Human tissue collection and processing.
Brain samples were obtained as coronal blocks by dissection of the following areas: 1) GM from periventricular area in the region of thalamostriate groove and at the level of foramen of Monro; 2) frontal white matter from the centrum semiovale (embryonic intermediate layer); and 3) frontal cortex (cortical plate). All specimens were processed immediately after obtaining them. The samples were fixed in 4% paraformaldehyde in PBS (0.01 M, pH 7.4) for ~18 h and then were cryoprotected by immersing into 20% sucrose in 0.01 M PBS buffer for 24 h followed by 30% sucrose for the next 24 h. Tissues were frozen after embedding them into a tissur freezing medium. Frozen coronal blocks were cut into 20-μm sections using cryostat.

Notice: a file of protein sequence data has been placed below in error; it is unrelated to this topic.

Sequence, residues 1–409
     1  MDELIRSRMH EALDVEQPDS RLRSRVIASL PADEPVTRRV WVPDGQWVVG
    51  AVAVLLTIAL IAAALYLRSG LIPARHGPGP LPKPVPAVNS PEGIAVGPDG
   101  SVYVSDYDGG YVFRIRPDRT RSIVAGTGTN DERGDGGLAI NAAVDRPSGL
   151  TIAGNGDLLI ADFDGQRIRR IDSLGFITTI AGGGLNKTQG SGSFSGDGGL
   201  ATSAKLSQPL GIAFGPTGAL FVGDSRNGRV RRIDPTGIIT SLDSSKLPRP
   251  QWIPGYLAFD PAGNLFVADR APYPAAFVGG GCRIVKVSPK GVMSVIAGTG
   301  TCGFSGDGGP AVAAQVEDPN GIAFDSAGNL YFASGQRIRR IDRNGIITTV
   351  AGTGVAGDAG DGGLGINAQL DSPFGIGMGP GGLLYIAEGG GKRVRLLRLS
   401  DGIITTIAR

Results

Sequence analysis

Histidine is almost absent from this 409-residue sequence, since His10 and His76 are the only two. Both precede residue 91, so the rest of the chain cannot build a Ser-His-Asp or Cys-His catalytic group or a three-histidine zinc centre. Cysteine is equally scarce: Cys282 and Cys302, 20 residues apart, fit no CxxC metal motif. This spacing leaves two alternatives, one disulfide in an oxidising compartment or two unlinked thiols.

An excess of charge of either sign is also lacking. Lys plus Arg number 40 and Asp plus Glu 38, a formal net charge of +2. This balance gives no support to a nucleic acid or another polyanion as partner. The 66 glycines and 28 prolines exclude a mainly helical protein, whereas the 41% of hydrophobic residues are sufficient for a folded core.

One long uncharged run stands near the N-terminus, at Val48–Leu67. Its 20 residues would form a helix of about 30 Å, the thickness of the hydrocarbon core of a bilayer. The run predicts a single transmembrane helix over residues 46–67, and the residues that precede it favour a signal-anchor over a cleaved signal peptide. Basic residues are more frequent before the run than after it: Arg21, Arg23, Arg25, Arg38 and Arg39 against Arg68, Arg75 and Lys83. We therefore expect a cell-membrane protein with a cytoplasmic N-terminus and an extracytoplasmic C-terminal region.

To identify GM, sections of tissues taken from periventricular area of the thalamostriate groove were stained with hematoxylin and eosin and examined with a light microscope.
The primary antibodies used in the experiments included rabbit polyclonal anti-human claudin-1 (catalog #71-7800, Zymed Lab, Inc., San Francisco, CA), rabbit polyclonal anti-human claudin-5 (catalog #34-1600, Zymed Lab, Inc.), monoclonal rat anti-mouse occludin antibody (catalog #33-1500 Zymed Lab, Inc.), JAM-1 (catalog #36-1700, Zymed Lab, Inc.), JAM-2 (catalog #AF1074, R & D Systems, Minneapolis, MN), and JAM-3 (catalog #MAB1189, R & D Systems). Secondary antibodies were Cy-5 conjugate goat-anti-mouse (catalog #115-175-146, Jackson Immunoresearch, West Grove, PA), rhodamine conjugate goat anti-rabbit (catalog #111-295-144, Jackson Immunoresearch), and cy-5 conjugate goat-anti-rabbit (catalog #111-175-144, Jackson Immunoresearch).